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Scraping Burned Toast

Google has recently proposed a new element into the HTML ecosystem, the <toast> element. This would be used to semantically encapsulate any elements that provide a notification kind of popup (all I need is for people to have more reasons to use notification popups). In this post, Adrian covers the timeline and the backlash in […]

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Truncating Multi-line Text with CSS

-web-kit-line-clamp allows you to specify the number of lines shown using CSS. Does this mean that designers can get away with perfectly uniform content elements on the page designs? No it does not, but it’s still pretty cool. Support coming in Firefox soon

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The “Inside” Problem

I love an edge to edge background colour with text content well positions inside. But then I want to break out the image to go full width, or have two images side by side that push outside the text container width. Chris takes a look at the different scenarios and how you might look to […]

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Why we prefer CSS Custom Properties to SASS variables

CodyHouse provide some practical examples of why they decided to keep their CSS variables inside of the CSS Custom Properties. This spans color schemes, typography, spacing, and vertical rhythm and does well to also pull out the catch (browser support)

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Digging Into The Display Property: Grids All The Way Down

Subgrids are an exciting addition to the CSS Grid specification and as we see it roll out across browsers you’re going to find uses for it. Rachel looks at how they can effect a simple card layout.

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Cloudflare Image Resizing: Simplifying Optimal Image Delivery

Cloudflare continue the performance party this week with a new image resizing tool to join their already impressive set of capabilities. Unfortunately this is only available to Business and Enterprise customers, so if you’re a Pro or Free user then take a look at our feature sponsor this week for an idea about where you […]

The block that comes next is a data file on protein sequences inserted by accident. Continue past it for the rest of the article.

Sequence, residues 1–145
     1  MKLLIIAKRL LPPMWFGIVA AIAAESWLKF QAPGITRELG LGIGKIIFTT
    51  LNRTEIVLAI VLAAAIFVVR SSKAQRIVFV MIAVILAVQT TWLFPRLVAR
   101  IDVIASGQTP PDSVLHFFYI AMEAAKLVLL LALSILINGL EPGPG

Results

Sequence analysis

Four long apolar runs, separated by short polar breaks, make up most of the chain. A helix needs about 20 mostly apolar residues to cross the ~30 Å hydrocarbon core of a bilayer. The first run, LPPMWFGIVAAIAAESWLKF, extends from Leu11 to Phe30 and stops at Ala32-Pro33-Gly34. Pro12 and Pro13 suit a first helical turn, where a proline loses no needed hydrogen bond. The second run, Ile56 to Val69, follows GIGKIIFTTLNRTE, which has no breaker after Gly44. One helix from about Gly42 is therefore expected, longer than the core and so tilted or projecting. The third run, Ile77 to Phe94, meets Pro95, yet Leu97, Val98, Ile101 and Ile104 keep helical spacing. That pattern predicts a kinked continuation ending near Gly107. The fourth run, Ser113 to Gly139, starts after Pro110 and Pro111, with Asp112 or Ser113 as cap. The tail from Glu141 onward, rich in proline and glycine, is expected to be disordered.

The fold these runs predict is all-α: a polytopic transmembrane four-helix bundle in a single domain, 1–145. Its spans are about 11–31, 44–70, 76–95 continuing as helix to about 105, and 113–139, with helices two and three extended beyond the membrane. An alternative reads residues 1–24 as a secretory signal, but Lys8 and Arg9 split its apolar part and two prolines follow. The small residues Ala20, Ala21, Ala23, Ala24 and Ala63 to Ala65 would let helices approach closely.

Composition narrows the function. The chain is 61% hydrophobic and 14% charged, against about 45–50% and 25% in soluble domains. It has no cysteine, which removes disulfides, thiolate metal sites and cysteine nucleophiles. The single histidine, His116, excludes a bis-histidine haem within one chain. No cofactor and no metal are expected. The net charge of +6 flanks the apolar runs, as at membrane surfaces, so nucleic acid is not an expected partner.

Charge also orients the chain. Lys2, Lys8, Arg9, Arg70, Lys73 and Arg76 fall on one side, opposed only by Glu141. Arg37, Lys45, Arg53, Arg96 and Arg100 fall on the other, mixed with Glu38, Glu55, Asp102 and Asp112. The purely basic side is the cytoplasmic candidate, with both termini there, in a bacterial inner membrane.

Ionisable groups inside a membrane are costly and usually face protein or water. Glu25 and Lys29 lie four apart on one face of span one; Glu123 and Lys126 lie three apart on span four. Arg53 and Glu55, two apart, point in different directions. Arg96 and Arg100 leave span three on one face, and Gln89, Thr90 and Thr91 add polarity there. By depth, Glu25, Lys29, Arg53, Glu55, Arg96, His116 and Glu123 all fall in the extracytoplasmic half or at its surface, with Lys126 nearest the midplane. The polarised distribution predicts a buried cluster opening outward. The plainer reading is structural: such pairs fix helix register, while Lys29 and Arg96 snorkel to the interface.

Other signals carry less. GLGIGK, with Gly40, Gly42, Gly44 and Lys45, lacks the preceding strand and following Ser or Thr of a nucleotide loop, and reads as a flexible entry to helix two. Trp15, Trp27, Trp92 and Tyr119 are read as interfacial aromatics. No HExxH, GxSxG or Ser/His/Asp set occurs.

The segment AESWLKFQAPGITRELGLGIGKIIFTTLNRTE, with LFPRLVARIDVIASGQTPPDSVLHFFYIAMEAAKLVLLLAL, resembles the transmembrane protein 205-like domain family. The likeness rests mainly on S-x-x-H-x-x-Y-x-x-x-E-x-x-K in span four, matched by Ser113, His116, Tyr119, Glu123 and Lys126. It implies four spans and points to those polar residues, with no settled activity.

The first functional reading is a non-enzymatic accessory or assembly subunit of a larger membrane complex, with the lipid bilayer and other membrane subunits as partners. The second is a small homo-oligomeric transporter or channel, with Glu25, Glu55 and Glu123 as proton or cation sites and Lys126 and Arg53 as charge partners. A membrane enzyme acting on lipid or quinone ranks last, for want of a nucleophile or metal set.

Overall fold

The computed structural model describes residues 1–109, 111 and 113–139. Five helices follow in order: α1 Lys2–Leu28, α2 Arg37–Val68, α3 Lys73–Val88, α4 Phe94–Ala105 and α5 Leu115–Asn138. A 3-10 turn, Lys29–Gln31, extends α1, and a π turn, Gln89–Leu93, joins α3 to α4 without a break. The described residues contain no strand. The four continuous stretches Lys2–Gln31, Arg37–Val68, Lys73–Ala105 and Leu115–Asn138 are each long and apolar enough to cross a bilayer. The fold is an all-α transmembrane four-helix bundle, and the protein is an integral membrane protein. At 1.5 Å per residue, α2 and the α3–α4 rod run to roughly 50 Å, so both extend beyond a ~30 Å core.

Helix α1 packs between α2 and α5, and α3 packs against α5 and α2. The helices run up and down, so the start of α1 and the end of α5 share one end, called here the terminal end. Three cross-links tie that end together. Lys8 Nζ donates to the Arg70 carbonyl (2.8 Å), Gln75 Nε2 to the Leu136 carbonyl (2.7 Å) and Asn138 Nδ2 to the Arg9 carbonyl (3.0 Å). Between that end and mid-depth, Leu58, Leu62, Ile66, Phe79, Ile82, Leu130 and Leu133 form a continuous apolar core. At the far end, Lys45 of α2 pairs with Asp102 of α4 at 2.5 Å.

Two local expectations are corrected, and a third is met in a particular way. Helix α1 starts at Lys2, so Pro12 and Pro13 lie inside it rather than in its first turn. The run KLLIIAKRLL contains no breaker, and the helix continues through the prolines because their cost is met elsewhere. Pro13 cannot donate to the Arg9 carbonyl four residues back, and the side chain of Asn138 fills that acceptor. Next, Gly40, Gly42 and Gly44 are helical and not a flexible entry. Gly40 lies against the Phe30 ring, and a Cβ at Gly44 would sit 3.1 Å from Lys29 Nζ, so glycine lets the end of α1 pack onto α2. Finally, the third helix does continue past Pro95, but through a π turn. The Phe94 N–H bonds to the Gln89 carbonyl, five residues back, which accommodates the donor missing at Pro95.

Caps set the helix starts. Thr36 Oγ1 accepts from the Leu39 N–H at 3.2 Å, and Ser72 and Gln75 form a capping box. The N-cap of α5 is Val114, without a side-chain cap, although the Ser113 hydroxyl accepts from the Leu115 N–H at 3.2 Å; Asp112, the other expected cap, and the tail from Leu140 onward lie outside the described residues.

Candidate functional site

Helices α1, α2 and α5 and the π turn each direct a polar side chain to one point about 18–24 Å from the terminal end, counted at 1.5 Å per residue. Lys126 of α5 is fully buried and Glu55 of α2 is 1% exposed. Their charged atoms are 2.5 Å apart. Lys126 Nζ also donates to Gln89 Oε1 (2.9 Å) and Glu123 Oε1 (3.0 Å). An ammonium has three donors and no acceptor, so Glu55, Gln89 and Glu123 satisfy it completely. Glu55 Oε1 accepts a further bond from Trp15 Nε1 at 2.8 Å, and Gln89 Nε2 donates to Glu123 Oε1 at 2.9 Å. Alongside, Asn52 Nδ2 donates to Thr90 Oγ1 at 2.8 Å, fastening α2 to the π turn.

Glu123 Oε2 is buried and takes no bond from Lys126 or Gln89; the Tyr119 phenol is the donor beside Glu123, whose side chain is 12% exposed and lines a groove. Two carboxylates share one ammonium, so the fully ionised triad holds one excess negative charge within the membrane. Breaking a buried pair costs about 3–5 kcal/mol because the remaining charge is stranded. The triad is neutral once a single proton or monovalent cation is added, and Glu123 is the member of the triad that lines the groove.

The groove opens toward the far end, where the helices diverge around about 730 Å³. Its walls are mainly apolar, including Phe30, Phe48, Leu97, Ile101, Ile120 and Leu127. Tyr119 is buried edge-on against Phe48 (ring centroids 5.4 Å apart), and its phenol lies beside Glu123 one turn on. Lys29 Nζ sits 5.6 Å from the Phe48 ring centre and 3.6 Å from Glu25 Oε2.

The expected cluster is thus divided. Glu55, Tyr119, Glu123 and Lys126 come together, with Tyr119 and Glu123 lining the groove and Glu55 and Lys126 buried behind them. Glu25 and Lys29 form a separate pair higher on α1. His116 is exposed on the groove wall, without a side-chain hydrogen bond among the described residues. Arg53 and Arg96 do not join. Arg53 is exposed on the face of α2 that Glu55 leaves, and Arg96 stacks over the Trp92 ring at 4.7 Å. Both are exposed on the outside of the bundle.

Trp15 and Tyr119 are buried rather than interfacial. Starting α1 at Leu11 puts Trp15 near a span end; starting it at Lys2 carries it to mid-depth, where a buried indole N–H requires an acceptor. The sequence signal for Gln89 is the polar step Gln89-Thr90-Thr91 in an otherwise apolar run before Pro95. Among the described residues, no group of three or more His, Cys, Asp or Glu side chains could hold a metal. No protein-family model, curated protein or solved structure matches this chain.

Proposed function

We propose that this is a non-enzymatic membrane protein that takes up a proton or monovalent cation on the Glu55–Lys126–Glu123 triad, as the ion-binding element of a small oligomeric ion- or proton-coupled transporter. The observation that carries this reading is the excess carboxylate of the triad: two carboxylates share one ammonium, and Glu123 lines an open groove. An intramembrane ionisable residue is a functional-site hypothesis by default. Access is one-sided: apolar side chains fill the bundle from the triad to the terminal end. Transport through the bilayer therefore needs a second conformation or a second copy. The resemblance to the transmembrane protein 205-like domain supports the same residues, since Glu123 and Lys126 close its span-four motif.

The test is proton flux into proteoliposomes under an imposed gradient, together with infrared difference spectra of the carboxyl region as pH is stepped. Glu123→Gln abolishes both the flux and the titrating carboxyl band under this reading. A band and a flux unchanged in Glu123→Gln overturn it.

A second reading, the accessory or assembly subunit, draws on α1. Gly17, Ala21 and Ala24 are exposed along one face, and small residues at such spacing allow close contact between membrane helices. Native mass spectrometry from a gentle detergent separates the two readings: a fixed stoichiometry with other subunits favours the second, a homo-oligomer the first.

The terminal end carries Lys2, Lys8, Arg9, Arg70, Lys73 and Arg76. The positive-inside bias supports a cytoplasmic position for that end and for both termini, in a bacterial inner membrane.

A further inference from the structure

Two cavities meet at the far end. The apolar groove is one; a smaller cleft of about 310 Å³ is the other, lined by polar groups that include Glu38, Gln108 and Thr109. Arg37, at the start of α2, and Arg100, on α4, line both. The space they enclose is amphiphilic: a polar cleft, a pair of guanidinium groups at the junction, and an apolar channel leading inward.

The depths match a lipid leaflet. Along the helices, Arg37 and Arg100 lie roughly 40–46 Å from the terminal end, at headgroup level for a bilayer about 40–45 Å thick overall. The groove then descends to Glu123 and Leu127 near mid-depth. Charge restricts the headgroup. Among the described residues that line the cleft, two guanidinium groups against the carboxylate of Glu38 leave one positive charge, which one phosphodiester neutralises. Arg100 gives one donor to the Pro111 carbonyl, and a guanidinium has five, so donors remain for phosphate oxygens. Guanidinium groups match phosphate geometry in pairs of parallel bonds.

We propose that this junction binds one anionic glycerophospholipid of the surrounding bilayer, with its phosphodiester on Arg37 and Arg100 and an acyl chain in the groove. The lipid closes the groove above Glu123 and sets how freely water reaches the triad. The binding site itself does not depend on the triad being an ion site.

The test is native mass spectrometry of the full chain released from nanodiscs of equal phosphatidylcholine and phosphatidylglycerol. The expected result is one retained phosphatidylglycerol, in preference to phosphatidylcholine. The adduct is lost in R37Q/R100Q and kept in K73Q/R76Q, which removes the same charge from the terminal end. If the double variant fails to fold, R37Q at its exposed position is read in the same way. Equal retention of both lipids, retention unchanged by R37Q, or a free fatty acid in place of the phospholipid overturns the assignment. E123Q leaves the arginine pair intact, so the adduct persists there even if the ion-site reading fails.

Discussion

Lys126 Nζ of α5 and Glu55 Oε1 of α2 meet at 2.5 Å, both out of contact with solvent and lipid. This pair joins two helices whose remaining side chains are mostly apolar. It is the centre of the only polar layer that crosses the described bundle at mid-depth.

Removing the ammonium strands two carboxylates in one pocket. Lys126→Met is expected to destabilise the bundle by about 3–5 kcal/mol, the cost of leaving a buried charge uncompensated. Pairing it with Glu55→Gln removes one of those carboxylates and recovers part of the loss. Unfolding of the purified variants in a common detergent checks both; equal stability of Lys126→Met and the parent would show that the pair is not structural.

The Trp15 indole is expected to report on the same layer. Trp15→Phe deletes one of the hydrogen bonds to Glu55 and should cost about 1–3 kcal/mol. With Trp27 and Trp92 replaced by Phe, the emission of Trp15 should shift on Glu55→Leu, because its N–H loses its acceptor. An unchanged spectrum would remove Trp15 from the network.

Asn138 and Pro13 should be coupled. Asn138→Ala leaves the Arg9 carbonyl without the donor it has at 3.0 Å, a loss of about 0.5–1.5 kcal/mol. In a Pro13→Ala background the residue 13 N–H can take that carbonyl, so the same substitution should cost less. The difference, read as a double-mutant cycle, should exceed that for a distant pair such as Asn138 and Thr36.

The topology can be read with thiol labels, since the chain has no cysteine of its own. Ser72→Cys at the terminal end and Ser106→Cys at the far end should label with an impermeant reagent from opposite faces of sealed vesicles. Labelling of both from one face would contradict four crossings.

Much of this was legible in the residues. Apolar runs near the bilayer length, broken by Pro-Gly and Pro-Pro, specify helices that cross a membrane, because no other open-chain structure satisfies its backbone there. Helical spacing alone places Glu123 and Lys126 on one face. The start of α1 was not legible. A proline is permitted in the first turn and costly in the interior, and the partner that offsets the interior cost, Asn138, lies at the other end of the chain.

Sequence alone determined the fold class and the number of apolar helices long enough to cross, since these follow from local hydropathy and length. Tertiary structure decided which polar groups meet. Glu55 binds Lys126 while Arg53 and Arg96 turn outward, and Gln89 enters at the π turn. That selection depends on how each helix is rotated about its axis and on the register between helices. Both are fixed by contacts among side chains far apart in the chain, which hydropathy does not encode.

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AMP as your web framework

AMP just confuses me now. They seem to have pivoted their approach and changed their purpose. Apparently it’s not another format of the web, it’s not an SEO thing (yeah it is), and isn’t a replacement for HTML (except for the HTML replacement elements). AMP seems to be struggling to find its footing as developers […]

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A report from the AMP Advisory Committee Meeting

For the longest time I’ve been sharing Terence’s posts about AMP, all of which have been a negative outlook towards the project. Terence now sits on the Advisory Committee for AMP (keep your friends close and all that) and they recently met in person in London. I’m glad someone like Terence is part of the […]

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Building the future of email with AMP

After watching a colleague wrestle with trying to create a reasonably good looking email I can see the use of AMP in email becoming something that catches on. The added bonus is that it won’t receive as much pushback as AMP received when trying to take over the standard HTML pages.

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Building the Squarespace Image Filters

Squarespace is still the number one go-to-tool that I recommend to friends when they ask me if I can help them build a website (in fact my friend even set up her own upholstery side business on her own and she often refers to herself as technically challenged). They’ve recently improved their image filters through […]